“I’m gonna hit you,” the little boy announced.
He was six or so and a clone of his father, Jeff, only shorter. He had taken up a boxing stance and stood in front of me, poised, like an attack gnome.
“On your willy,” he added and pointed at my groin.
We were in the extremely ugly reception hall of Jeff’s house. Jeff had insisted that the team lunch be held at his place, probably so that he could show off his new Porsche and the even newer speedboat he kept talking about.
“He will,” Jeff said and beamed around at our colleagues. “Won’t you my boy?”
I often had violent dreams about Jeff. In these dreams I always embarrassed myself while Jeff was calmly superior. I’d try to shoot him but the bullets would be limp and plop to the ground.
“He’s very strong-willed,” Jeff added and ruffled the boy’s hair. “Just like his dad.”
The boy was unmoved by his father’s praises.
“What’s your name?” he demanded.
I told him.
“Why?” he pressed on.
“I — I dunno,” I said. “What’s yours?”
“Jeff,” he said with an air of finality. “You smell funny.”
I wanted to know what he meant but I couldn’t risk asking.
“Of course,” I said. “You look funny.”
He punched me in the groin and ran away.
“You sure managed to piss him off,” Jeff mused as I hobbled into the house. “Tell me, how are you with dogs?”
The inside of Jeff’s house was even uglier than the reception hall. There were animal skulls mounted along the walls and many framed pictures of Jeff doing something. The pool outside was ugly too. There was a golden mermaid at the one end and a large dolphin spout at the other. It was a hot day and most of the others were swimming. I changed in one of the ugly dressing rooms next to Jeff’s ugly sauna and joined them. Dan was in the pool. He was the oldest programmer on our team. He was narcoleptic and often fell asleep while explaining his code. He also had no buttocks to speak of and constantly had to pull up his pants. We once found him in the office kitchen, standing in front of the open fridge, asleep, with his pants around his ankles.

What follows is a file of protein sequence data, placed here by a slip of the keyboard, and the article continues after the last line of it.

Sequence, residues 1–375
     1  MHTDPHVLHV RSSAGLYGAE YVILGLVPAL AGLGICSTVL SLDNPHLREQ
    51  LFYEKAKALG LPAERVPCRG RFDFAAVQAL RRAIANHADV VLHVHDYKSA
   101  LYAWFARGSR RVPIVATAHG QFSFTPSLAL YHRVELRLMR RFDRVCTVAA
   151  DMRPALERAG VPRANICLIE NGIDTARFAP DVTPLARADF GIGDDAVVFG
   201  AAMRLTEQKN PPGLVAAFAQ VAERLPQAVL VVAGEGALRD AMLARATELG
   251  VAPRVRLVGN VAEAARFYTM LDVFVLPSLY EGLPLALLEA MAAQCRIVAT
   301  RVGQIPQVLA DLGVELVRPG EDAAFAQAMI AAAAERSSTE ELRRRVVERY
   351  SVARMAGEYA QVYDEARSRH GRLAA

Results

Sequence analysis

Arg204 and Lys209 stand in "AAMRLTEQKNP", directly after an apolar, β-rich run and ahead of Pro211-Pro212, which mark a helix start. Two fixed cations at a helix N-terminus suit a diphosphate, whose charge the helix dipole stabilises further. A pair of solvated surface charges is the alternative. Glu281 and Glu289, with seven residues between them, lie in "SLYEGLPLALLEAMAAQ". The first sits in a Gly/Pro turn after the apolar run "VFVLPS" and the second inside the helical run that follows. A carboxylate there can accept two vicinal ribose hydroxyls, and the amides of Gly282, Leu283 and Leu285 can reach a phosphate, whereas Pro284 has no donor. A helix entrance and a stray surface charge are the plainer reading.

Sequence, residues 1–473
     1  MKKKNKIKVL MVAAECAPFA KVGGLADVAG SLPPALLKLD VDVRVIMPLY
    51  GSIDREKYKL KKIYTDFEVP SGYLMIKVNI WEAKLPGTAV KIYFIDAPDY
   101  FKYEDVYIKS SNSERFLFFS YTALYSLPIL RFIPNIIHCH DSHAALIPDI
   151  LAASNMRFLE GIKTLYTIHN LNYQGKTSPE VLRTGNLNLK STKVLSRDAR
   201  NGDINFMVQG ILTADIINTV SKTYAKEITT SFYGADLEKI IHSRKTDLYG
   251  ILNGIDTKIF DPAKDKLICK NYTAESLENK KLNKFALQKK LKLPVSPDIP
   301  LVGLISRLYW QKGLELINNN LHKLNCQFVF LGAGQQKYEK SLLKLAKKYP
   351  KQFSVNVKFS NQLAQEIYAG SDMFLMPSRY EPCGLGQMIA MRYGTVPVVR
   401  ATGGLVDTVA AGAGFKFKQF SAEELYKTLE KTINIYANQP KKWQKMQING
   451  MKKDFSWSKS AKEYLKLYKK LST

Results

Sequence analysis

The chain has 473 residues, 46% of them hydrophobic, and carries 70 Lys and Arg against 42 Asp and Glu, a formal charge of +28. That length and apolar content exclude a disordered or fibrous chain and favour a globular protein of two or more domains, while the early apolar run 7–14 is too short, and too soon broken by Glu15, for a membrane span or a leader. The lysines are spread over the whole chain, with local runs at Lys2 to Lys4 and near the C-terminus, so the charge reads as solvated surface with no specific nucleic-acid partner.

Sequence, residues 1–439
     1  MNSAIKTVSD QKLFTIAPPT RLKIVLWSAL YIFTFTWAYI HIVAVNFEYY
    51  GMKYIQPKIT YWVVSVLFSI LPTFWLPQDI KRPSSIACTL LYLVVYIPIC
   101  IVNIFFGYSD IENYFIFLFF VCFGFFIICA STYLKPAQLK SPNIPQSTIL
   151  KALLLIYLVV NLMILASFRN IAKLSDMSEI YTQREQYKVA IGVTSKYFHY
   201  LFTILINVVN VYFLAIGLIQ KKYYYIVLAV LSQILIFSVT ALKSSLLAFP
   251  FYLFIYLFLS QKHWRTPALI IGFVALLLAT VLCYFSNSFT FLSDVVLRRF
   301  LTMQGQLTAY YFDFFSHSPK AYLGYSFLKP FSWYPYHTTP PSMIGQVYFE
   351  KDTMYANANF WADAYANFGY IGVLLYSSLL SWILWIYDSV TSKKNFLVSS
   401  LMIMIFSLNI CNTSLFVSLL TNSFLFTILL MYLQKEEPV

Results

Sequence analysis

“Should you be swimming?” I asked.
“Fuck you,” Dan said. “Did you see the house?”
“I came out here as fast as I could.”
Julia waded over. She was the nicest person on our team. She was almost spherical, with enormous breasts and a wide smile. She always reminded me of a giant model of a friendly water molecule I once saw at the Science Center.
“Do you think Jeff’s mother nursed him?” she asked.
“Why?” Dan laughed.
“She should’ve rolled over him in her sleep,” she replied.
“Right!” Jeff called out from the patio and tapped his ugly Rolex.
Jeff’s caterers had set a table on the patio with finger food and pretentious arrangements of fruit that no one would ever eat. We dried off and sat down around it while Jeff took up his position at the head of the table. He smiled wryly when I sat down at the opposite end.
“That’s good,” he remarked and gestured that I stay where I was. “Whatever you do, I’ll be far away.”
We picked at the food while Jeff regaled us with tales of his adventures. Most of his recent adventures involved the boat on display in his driveway. They were all the same adventure, really, with Jeff in his boat at various speeds. We were all bored but Jeff closed his eyes when he spoke and we couldn’t interrupt him. It was getting late when he finally emptied his bag of brags. Since his divorce, he concluded, he had had a lot more time to himself.
“Except when this one visits,” he added when little Jeff sprinted past toward the pool.
As an afterthought he pointed at me.
“He sure has a way with kids,” he remarked. “You should have seen this. He pissed off little Jeff at the front door.”
“How old is he?” someone asked.